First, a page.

Mediation is often referred to as a form of “alternative dispute resolution” or ADR. Though some question whether traditional litigation is now the more “alternative” approach, and mediation and arbitration the more common, there’s another point to consider. Once you have embarked on a course of litigation, is there a point of no return, when it’s not possible to employ mediation?
In a word, “no”. Although even where mediation is not required before parties can pursue litigation, the time to mediate frequently occurs before a lawsuit is filed — or when court action is extremely unlikely. Yet parties can turn to help from a mediator well into the litigation process. The period of time just before trial is often ripe for mediation, but even cases on appeal are mediated.
A recent example is the “Bong Hits 4 Jesus” case that began with a school suspension in Juneau, Alaska in 2002. Last year the United States Supreme Court ruled against the student on federal grounds. I knew the case well: in January, 2007, it was the source of the moot court problem for my section of UCONN Law first-year students’ briefs. Now the case is back before the Ninth Circuit Court of Appeals for consideration of the student’s state constitutional claim and the parties are involved in mediation ordered by that court.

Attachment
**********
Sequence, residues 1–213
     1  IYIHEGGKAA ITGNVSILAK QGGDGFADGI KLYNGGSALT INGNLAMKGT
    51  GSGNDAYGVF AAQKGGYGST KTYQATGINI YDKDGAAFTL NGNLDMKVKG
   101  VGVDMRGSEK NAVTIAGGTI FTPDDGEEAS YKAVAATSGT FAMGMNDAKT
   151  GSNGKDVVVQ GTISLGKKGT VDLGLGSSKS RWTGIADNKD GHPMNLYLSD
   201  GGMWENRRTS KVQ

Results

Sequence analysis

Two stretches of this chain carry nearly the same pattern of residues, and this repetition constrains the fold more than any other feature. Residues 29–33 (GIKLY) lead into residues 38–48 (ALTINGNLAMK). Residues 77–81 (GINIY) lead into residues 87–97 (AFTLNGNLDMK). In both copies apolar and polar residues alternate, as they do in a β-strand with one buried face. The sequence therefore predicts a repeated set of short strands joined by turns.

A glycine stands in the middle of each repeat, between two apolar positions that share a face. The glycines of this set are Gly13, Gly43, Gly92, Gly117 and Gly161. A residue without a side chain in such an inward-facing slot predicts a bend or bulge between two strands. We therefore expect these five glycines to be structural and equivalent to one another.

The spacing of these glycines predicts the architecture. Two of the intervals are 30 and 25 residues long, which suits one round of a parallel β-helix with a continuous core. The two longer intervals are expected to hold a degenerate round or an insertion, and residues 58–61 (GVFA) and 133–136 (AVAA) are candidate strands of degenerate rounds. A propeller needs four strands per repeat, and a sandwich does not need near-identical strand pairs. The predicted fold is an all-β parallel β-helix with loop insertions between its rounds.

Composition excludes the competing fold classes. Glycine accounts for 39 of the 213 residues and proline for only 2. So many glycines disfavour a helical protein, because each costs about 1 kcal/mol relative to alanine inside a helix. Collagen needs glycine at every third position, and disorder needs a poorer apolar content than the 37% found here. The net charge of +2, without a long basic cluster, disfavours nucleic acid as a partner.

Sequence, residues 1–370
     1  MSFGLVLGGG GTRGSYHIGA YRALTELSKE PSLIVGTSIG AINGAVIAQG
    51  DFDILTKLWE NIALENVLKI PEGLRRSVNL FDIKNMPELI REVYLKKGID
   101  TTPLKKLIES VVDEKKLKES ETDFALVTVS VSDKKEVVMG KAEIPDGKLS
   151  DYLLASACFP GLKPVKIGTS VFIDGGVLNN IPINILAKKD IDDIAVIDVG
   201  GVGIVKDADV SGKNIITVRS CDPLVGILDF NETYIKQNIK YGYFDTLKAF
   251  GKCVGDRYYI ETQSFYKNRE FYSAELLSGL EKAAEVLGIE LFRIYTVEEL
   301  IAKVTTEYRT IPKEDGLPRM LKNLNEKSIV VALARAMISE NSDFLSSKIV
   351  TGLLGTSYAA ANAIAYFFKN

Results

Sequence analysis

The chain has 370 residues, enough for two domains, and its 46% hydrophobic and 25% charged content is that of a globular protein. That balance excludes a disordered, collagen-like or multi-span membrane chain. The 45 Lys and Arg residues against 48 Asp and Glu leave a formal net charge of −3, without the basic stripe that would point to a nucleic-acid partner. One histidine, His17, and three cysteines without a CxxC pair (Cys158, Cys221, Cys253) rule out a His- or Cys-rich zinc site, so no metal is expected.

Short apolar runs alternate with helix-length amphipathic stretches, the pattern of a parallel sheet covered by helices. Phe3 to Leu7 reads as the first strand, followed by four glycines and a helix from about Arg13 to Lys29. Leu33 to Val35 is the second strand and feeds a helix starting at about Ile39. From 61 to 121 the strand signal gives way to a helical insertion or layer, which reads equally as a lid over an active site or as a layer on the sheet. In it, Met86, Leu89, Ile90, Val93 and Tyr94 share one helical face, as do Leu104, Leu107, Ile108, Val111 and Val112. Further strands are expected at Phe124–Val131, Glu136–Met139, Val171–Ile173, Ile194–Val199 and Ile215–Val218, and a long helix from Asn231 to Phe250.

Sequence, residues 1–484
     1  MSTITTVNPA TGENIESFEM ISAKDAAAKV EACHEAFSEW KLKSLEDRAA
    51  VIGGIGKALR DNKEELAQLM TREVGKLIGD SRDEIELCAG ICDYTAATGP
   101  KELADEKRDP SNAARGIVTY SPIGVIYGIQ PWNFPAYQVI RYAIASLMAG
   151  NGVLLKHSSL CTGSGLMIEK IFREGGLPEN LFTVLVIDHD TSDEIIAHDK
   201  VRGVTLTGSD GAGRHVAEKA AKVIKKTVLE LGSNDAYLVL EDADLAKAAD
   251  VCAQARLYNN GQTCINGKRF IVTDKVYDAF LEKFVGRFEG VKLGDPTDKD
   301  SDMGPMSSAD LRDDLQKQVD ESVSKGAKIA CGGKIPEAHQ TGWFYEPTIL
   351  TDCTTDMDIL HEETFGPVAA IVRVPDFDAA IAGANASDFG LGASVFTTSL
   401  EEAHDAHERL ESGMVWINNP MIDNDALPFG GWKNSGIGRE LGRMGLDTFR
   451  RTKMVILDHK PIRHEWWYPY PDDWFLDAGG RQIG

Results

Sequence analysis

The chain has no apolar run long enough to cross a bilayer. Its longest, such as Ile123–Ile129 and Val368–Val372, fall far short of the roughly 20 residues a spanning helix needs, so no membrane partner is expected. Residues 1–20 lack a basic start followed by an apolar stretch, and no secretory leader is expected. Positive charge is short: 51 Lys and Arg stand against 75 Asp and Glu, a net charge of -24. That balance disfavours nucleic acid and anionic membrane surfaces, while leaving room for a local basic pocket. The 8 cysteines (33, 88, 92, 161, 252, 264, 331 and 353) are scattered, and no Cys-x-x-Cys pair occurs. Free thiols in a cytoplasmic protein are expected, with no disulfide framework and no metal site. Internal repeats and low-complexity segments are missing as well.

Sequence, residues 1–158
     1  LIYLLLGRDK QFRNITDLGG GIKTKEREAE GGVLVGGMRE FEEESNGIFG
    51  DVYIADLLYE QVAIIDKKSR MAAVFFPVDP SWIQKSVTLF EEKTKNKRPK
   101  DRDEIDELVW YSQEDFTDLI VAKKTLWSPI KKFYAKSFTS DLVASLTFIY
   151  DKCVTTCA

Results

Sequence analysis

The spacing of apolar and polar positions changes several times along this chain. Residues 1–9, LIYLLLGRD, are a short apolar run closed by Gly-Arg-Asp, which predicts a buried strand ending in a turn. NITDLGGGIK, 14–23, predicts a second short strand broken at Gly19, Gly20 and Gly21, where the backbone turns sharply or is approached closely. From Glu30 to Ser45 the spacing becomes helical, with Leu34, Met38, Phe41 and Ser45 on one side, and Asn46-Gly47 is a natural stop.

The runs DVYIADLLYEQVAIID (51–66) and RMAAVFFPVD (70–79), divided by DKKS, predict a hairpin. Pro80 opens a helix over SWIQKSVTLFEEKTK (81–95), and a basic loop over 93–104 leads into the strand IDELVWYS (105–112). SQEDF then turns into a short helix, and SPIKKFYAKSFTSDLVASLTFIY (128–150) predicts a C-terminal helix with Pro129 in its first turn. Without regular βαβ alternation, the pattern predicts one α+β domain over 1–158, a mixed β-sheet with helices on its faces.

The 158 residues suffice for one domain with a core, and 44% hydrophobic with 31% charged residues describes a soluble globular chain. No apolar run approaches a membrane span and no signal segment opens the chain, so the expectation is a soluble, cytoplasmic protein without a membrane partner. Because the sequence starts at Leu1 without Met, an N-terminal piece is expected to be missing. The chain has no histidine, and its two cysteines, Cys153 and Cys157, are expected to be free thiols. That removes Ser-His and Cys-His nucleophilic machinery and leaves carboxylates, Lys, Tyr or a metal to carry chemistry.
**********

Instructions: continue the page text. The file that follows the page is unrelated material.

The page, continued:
Mediation can still resolve disputes, even when a portion of the original conflict is resolved, or when there is a litigated result that is not yet final.